It’s not every day that a family is thankful for being forced to leave home, especially during sub-zero temperatures.
But that was the case when Pioneer Electric Cooperative lineworkers had to disconnect power to the Anna, Ohio, home of James and Tiffahanie Seger and their toddler on a recent frigid evening when they detected an electrical problem that could have resulted in catastrophe.
Jason Woods and Trevor Lavy, first-class linemen at the Piqua-based co-op, were at the couple’s home, inspecting a complaint—the second in a month—about power flickers. After checking everything on the co-op’s side of the meter and not finding a problem, they got ready to leave.
But not so fast.
“Something was not right; I knew something was wrong,” said Woods. “From my experience with partial power calls, I knew that the problem wasn’t on our end, but that something was going wrong inside the house.”
Each side of the breaker box, as Woods explained, powers different halves of a house. “What caught my eye was that only one of the two garage doors worked.”
Both men discussed the problem outside in their truck and returned 10 minutes later. “We looked at the breaker panel in the garage and that’s when we heard crackling — like a sizzle — coming from it. It wasn’t loud but a lineman would immediately recognize it as an arcing sound.”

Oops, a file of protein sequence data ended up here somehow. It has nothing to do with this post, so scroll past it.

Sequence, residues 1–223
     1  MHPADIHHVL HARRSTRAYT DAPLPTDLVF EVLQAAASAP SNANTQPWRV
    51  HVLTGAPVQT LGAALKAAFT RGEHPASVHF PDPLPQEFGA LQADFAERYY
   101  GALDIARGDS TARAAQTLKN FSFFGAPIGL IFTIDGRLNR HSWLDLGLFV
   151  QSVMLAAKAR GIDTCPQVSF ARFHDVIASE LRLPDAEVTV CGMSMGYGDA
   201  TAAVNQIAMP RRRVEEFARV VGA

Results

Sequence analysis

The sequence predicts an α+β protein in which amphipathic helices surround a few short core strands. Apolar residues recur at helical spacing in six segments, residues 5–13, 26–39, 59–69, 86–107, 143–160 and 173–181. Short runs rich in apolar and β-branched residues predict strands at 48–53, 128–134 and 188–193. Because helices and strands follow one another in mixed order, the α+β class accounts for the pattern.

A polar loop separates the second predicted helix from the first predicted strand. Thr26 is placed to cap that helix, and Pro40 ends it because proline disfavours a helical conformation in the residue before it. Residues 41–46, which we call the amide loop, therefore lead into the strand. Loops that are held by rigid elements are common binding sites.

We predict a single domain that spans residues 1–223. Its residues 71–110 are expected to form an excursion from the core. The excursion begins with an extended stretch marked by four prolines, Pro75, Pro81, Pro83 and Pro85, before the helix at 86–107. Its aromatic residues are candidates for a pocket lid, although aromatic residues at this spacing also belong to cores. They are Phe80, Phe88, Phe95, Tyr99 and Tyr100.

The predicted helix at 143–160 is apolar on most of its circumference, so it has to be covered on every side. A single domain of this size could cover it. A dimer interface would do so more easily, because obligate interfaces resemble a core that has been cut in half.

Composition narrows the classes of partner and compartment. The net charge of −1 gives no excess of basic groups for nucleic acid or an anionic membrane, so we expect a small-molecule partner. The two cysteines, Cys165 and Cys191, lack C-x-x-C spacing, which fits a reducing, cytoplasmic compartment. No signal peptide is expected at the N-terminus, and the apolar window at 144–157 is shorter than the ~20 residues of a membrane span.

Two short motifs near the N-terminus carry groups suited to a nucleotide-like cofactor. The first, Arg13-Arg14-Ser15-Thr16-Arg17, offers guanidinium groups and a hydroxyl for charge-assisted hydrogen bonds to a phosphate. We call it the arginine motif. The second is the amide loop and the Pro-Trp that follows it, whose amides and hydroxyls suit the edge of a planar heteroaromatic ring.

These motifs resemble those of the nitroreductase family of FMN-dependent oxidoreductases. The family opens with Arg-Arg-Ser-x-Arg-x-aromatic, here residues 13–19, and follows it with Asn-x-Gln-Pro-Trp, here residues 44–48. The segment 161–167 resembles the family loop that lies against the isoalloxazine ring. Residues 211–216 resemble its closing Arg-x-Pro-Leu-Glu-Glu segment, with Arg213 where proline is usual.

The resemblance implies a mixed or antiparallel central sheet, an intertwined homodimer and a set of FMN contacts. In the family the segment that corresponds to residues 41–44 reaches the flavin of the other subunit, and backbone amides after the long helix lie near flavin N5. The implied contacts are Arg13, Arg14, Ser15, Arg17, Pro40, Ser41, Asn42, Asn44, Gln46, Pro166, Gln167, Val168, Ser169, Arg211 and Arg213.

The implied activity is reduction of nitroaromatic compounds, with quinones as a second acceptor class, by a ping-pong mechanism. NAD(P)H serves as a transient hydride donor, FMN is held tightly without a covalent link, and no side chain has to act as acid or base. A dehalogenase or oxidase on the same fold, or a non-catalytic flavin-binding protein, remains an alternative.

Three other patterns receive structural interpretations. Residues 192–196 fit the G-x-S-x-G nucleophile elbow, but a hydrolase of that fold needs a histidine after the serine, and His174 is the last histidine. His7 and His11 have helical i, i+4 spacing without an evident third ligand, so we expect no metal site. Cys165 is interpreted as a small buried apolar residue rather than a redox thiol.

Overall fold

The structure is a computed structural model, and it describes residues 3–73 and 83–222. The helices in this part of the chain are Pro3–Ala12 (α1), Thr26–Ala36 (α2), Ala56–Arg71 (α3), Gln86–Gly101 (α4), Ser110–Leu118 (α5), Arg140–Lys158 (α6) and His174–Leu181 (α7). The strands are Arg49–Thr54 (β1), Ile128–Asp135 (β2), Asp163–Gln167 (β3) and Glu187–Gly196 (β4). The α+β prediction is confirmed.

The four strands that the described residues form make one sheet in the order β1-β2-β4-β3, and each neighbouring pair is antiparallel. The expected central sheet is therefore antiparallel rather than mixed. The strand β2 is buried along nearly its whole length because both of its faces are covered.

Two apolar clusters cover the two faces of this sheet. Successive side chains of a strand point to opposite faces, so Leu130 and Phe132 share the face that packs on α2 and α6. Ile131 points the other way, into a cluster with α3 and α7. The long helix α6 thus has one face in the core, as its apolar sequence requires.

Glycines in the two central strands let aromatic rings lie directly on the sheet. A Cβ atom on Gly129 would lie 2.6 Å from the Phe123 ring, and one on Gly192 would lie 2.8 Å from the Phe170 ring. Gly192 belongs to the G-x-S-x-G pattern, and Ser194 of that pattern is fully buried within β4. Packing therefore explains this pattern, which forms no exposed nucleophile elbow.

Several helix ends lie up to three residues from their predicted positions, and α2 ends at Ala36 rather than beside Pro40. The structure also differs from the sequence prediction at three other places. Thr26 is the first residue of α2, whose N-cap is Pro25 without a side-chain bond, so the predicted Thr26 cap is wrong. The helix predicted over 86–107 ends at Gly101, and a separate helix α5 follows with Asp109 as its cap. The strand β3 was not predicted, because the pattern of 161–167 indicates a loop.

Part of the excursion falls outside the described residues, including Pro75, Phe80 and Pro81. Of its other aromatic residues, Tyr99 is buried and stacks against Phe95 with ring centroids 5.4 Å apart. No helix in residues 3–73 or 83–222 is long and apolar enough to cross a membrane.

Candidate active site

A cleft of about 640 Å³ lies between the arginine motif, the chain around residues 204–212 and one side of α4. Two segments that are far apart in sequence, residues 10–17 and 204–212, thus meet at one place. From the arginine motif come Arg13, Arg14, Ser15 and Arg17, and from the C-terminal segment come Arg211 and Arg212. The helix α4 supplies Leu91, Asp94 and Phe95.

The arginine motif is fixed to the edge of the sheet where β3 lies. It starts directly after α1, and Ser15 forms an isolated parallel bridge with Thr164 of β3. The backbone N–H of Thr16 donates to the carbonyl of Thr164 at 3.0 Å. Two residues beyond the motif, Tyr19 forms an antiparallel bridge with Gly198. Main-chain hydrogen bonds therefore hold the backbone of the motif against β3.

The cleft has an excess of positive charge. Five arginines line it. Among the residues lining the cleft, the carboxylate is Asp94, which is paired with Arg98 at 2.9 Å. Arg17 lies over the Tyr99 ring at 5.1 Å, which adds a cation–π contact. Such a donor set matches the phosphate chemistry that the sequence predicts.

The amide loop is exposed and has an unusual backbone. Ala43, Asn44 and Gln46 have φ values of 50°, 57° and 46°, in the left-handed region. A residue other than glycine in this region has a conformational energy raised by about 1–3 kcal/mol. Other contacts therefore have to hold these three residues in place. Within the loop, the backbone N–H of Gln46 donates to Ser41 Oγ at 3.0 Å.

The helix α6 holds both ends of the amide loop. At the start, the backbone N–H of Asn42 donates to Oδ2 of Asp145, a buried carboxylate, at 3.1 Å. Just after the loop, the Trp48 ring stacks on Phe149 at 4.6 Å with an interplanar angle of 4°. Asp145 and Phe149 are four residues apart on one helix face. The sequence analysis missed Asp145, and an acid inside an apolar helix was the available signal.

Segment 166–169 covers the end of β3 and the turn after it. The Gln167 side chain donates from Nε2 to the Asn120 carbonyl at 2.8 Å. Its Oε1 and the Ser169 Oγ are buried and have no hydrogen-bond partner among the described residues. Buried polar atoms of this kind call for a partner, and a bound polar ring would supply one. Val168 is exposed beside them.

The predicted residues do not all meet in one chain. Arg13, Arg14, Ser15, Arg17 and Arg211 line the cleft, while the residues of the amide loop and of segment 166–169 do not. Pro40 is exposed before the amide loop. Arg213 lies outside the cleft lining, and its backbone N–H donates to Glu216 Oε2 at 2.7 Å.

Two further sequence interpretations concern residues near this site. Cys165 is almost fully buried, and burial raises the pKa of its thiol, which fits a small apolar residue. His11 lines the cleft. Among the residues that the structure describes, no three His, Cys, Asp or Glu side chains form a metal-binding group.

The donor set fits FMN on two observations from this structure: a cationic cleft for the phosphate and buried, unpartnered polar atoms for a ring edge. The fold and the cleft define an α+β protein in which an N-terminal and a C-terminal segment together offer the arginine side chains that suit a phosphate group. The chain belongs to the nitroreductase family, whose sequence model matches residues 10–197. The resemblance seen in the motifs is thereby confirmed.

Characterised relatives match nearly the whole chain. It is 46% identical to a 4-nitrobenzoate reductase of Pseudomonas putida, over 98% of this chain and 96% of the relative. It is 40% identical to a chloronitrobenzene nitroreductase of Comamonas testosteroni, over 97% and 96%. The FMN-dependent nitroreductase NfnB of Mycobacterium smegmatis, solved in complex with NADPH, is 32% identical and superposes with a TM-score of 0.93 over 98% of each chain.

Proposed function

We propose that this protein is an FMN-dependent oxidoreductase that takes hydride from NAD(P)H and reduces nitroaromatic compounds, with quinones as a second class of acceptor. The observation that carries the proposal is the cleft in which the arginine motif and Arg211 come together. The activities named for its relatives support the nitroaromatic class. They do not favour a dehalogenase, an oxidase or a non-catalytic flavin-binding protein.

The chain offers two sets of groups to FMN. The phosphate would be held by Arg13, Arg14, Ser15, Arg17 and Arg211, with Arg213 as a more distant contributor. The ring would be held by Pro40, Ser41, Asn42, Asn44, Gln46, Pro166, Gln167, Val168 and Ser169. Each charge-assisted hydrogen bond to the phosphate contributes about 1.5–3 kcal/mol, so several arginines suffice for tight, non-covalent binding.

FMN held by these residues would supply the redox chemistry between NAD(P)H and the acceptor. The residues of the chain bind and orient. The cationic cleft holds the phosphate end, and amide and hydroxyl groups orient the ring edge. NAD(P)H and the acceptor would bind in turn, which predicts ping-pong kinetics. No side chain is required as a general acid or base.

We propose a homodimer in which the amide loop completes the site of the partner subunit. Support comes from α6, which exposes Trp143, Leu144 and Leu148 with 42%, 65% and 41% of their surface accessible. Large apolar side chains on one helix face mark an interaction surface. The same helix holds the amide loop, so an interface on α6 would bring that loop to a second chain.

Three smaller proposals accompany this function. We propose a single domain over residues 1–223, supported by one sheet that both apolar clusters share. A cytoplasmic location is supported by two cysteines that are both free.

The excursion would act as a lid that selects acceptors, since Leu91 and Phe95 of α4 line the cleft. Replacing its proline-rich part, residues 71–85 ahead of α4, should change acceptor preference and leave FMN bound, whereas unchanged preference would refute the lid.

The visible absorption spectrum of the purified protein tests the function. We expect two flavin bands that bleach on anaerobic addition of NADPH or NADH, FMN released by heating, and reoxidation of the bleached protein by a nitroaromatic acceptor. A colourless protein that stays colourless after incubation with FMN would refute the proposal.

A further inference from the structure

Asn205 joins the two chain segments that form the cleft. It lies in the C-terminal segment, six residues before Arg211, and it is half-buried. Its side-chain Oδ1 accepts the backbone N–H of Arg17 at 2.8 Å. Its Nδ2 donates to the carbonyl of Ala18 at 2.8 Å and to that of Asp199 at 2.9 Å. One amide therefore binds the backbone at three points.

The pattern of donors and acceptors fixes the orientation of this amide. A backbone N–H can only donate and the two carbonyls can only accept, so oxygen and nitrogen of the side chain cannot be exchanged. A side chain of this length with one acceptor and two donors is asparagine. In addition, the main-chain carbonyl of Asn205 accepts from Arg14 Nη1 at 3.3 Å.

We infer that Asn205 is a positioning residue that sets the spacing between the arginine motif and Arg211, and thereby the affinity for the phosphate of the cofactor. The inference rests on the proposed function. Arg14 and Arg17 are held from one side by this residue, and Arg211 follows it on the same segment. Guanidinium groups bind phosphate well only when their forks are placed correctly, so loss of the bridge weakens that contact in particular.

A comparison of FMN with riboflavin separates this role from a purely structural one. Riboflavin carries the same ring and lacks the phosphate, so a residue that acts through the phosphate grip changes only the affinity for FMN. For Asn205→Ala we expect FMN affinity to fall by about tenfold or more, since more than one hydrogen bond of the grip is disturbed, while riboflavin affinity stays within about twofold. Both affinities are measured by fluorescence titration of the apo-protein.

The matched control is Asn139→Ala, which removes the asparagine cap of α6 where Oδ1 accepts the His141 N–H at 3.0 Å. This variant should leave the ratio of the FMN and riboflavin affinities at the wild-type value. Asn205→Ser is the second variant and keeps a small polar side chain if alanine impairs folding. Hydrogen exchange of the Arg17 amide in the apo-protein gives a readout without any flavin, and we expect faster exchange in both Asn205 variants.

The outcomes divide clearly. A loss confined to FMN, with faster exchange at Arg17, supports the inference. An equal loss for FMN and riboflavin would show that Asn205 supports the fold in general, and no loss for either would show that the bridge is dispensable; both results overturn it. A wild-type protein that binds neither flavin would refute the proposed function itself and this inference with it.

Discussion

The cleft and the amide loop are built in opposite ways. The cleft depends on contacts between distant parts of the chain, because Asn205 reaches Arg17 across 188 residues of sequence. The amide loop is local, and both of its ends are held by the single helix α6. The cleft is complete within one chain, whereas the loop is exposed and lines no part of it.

A check of the breaker box’s interior confirmed the crews’ suspicion: The back part of the panel was charred. And despite wind chill temps of minus 7 degrees, the power had to go off to prevent a fire and allow an electrician to fix the problem with the main breaker.
“I’m not sure how long the problem existed or if the power flickers were related, but I’m confident there would have been a fire,” said Woods.
Woods and Lavy stayed and didn’t shut off the power until after the Segers’ packed up their belongings and headed to a relative’s house. Later, an electrician hired by the couple removed the main breaker, which crumbled from corrosion.
The linemen’s diligence didn’t go unnoticed. A few days after the incident, James Seger called the co-op with high praise for the employees. “The guys went over and above. Who knows what would have happened?”
In typical lineman fashion, Woods downplayed the incident, saying it was all in a day’s work. “It’s not often that someone would call and thank you for asking them to leave the house,” he quipped.
This story appeared in the March 1 edition of Electric Co-op Today. Written by Victoria A. Rocha | Electric Co-op Today Staff Writer. Reprinted with permission.